This article clarifies the role of data science in relation to machine learning, and discusses various aspects of both.
Google is now a synonym for online search. Most of us will agree with this, because whenever we try to get information on something we don’t know, we say, “Google it!” Have you ever given a thought to how Google comes up with the answers to different questions in an instant? Google and other such search engines make use of different data science algorithms and machine learning techniques to come up with the best results for all our search queries, and that too, in less than a second. Google processes more than 20 petabytes of structured and unstructured data daily and, even then, is able to instantly flash our search results. Had there been no data science and machine learning, Google would not have been able to perform all this and it would not have been the all-pervasive search engine we all depend on today. Data science is one of the roots that support the tree of the digital world.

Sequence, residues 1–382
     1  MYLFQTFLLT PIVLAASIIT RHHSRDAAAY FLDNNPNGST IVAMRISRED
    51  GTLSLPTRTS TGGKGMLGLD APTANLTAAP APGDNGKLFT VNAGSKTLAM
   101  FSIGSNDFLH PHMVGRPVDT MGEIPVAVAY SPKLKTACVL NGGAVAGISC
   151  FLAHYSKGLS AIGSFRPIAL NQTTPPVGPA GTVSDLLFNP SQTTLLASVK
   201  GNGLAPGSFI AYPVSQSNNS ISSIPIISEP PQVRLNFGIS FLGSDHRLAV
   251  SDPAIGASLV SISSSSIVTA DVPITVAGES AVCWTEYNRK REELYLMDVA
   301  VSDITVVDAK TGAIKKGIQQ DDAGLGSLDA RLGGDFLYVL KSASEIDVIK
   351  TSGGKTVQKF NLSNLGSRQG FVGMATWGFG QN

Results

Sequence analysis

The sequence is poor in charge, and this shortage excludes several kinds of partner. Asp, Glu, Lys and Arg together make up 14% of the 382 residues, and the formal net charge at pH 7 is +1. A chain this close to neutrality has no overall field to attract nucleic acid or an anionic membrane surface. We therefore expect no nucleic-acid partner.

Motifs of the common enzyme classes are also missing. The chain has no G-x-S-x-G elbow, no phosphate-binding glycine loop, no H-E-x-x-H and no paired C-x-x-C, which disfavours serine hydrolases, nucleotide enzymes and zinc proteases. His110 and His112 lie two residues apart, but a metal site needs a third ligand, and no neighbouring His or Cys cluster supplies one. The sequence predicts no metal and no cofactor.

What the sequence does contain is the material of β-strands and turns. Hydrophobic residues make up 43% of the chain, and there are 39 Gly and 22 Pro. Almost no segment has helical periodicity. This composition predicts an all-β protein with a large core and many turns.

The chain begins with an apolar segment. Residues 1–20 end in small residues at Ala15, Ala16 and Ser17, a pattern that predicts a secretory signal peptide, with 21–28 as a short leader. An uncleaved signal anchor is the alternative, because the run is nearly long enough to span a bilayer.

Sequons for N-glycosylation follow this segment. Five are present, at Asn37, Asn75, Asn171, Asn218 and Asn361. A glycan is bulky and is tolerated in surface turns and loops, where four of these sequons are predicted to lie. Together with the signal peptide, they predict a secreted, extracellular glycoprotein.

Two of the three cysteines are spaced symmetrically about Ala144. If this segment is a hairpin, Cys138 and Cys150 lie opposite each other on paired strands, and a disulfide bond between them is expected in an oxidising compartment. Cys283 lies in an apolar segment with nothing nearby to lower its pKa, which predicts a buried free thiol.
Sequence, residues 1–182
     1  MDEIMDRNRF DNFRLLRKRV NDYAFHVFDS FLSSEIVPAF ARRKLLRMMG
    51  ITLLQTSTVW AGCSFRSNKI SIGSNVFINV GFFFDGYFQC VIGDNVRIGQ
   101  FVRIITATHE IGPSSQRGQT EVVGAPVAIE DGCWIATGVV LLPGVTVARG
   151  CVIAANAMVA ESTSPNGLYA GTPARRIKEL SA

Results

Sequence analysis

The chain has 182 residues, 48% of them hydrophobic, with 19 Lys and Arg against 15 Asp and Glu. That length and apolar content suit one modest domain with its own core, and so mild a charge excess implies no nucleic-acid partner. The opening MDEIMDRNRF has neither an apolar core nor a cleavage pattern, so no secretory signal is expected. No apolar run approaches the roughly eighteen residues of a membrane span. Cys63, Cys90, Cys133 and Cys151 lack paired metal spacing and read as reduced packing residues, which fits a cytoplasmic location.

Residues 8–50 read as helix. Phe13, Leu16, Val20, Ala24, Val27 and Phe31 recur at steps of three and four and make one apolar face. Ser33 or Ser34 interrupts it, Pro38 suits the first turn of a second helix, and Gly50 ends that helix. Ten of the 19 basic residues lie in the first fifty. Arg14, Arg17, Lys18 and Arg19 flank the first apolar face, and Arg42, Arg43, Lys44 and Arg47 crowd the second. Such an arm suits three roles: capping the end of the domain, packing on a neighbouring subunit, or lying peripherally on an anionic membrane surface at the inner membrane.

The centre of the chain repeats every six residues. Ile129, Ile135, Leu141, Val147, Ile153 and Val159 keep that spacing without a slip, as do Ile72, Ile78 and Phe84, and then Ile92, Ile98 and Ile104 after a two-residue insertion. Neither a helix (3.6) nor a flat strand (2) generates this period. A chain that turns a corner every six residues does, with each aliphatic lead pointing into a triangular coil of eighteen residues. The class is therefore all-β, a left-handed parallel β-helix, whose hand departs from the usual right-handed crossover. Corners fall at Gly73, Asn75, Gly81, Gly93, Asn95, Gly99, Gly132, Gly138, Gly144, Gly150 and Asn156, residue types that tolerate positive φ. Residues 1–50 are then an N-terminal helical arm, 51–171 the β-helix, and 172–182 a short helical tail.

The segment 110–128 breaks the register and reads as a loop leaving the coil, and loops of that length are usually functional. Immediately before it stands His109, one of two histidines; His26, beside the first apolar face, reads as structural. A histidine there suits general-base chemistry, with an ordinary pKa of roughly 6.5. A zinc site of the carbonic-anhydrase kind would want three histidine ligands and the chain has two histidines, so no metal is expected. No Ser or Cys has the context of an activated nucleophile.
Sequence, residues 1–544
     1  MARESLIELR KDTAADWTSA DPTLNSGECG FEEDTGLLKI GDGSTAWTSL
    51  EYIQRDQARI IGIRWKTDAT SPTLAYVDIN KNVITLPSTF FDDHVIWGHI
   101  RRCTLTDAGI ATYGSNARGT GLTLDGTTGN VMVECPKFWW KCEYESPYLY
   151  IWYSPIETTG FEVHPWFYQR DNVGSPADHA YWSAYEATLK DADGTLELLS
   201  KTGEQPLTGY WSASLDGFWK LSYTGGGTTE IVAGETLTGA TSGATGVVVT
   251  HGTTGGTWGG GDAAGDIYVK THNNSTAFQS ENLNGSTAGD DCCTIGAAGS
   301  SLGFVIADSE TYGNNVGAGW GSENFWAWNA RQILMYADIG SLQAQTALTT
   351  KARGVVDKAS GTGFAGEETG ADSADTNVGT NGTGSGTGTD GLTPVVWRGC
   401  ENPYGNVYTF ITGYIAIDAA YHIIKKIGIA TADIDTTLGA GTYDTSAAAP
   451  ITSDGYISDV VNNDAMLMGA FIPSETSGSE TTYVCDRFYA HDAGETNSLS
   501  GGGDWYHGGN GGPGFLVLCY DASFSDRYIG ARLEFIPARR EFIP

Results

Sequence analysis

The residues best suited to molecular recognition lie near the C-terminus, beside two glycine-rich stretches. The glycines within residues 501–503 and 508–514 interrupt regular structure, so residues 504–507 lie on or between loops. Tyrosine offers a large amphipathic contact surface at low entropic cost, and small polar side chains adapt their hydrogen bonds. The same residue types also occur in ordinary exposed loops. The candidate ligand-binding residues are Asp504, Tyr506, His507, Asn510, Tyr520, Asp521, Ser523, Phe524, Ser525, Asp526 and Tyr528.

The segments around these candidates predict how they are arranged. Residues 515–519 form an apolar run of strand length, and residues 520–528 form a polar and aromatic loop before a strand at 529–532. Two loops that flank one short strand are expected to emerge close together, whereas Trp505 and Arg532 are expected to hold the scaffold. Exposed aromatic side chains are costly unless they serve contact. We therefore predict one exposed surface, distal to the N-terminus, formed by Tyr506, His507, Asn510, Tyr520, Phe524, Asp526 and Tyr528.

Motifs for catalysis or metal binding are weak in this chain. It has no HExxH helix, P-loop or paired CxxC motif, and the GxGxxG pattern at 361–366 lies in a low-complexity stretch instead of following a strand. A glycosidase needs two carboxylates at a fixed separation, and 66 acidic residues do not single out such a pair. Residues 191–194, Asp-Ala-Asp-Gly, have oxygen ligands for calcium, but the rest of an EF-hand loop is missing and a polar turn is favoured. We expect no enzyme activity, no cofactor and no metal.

Data science is also known as data-driven science as it deals with various scientific processes, methods and systems to extract knowledge or insights from large sets of data — either unstructured or structured. We all have access to huge amounts of data, which is about many aspects of our lives – it could be related to communication, shopping, reading the news, searching for information, expressing our opinions, etc. All this is being used to extract useful insights by employing different data science techniques. Data science is basically a concept that unifies statistics with data analysis in order to analyse and relate real world activities with data. It employs different techniques and theories that are drawn from many fields — from within the broad areas of statistics, mathematics, information science and computer science, besides the various sub-domains of machine learning, cluster analysis, classification, databases, data mining and visualisation.